I’m not what you might call a religious person.
So the fact that I found myself in the High Church of Capitalism, also known as Walmart, on Christmas Eve day was, to say the least, unusual. But sometimes a man’s gotta do what a man’s gotta do. And in this case what a man had to do was provide for his family by securing a set of tire chains for traveling up into the mountains. We would be celebrating Christmas there. A fresh blanket of the white stuff had just fallen and the only way to reach our destination would be with chains. And apparently the only place that carried them was Walmart.
I arrived in the parking lot of the biggest of big box stores at 7:08 a.m. The place was already buzzing, but inside it was relatively calm. A Christmas miracle right there. I asked for directions to the automotive/hardware department and an employee, who was quite cheerful given the day ahead and the prospect of earning below minimum wage, guided me to the back of the store.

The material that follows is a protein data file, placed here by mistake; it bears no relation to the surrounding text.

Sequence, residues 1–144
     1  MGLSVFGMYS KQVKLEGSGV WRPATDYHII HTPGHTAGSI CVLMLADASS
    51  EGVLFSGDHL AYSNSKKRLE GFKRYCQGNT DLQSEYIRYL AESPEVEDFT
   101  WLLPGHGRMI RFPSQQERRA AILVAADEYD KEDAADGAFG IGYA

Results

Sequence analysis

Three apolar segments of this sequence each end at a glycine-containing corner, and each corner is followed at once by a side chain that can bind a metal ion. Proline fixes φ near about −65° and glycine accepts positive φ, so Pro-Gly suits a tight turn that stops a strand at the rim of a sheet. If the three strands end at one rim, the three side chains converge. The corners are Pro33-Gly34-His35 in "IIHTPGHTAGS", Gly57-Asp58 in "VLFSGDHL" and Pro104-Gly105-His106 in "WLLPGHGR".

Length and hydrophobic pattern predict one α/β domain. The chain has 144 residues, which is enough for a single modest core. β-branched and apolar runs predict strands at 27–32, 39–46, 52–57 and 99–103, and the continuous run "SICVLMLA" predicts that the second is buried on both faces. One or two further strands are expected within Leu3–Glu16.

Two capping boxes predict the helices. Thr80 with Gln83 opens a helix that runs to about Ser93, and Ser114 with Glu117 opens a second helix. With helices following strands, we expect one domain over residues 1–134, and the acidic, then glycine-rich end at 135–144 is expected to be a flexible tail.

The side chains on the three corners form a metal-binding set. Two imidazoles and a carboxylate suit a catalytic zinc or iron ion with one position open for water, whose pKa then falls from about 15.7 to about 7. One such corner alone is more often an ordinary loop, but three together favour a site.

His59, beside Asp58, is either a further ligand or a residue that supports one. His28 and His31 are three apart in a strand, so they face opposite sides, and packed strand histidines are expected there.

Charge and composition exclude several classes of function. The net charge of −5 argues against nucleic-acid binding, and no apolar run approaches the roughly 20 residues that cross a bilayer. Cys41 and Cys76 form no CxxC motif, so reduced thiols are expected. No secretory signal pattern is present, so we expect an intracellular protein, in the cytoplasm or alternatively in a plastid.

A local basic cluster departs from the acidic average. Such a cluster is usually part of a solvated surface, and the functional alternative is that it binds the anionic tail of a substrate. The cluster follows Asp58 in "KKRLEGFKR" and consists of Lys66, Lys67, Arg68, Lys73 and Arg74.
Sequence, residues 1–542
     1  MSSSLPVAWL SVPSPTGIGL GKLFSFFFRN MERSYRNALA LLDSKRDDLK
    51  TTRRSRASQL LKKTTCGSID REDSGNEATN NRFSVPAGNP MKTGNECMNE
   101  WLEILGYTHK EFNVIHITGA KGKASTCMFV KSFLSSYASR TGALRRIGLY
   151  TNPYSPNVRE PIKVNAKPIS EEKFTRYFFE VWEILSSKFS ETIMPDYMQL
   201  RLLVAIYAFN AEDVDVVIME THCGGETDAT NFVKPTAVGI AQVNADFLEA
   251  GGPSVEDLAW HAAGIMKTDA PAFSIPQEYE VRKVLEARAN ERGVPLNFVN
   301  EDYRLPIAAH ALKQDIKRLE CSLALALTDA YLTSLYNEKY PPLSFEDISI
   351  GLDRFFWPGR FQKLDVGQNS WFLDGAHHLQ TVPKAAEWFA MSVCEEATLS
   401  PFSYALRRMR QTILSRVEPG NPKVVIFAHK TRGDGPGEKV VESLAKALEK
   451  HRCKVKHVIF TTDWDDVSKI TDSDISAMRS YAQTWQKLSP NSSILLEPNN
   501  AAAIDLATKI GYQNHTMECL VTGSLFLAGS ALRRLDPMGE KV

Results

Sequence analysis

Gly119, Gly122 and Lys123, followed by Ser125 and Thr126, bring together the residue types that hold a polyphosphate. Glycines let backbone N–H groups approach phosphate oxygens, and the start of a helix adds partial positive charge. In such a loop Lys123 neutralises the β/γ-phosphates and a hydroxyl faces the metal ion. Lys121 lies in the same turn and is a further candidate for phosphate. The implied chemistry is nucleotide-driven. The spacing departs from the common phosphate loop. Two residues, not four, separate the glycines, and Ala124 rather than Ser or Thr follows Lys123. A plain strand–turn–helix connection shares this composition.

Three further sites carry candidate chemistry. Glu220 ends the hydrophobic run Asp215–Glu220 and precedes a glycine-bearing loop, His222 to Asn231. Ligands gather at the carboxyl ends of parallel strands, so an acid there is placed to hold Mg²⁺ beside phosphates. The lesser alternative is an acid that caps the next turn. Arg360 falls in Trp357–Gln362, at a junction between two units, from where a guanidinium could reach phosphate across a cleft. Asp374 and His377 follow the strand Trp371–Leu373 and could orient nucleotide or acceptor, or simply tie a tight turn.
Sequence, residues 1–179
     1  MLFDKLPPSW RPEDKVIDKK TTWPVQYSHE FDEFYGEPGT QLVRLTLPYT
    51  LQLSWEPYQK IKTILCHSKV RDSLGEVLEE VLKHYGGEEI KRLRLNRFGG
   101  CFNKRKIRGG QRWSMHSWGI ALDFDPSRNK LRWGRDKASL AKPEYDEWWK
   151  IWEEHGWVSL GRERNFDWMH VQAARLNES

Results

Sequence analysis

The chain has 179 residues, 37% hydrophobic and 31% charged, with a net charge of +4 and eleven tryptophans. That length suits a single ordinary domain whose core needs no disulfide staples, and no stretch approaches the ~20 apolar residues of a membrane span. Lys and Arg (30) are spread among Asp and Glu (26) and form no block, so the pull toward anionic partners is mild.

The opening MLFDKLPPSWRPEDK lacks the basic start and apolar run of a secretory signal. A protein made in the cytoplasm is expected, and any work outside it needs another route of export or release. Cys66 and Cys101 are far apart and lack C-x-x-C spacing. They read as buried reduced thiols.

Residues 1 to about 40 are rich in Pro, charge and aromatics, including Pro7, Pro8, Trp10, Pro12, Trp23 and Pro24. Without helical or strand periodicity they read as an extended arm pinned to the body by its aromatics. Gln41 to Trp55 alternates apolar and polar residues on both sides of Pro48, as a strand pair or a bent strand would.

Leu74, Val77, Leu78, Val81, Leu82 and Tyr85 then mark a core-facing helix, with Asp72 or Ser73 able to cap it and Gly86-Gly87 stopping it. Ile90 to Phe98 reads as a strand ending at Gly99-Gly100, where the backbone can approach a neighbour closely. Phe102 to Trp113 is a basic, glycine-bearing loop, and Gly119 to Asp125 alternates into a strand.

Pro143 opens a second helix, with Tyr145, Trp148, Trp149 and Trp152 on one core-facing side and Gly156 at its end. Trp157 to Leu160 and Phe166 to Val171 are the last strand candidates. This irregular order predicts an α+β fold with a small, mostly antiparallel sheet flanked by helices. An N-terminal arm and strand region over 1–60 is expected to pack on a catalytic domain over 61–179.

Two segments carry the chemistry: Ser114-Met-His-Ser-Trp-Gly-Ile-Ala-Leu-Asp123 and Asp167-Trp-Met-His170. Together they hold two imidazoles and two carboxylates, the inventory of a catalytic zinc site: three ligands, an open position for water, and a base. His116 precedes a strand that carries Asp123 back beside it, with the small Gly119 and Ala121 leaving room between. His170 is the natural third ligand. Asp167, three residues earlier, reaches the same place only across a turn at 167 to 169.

I looked out to the horizon, past the acres of plastic toys, synthetic clothes and 200,000 other unnecessary items on the shelves and proceeded on a brisk hike. I arrived at my destination and found the automotive accessories. There was one shelf completely empty. I knew immediately what this signified. I wasn’t the only one who had this idea. The entire population of Bay Area residents was also planning on being in the snow for Christmas. Every box of tire chains at our local Walmart had been wiped out.
But then a little sparkle of something blue on the bottom shelf caught my eye. It was the very last package of chains, hiding in the corner and waiting just for me. Another Christmas miracle.
As I laid my hand on the gift from heaven, or maybe from Saint Sam Walton, another customer came around the corner. He stopped, stunned at the sight. In a timid voice he asked: “Is that the last one?”
“I’m afraid so,” I said.
He smiled, trying to conceal his disappointment. I knew what he was thinking: If Walmart, which has everything in the entire world, didn’t have tire chains, there would be none to be found anywhere.
This put me into a quandary. Here was a humble father in need, trying to reach his destination, just like Joseph. What if his Mary was sitting in his car in the Walmart lot, waiting patiently? How would they make it to Bethlehem?
What was I to do? Would I be the Good Samaritan and help the blessed couple (soon to be three, no doubt) on their way? Or would I show the indifference of the innkeeper and turn them away?
I took the box to the cash register and high-tailed it out of the store. After all, it was his family vs. mine. As anybody who has ever been in a Walmart knows, it's all about survival of the fittest.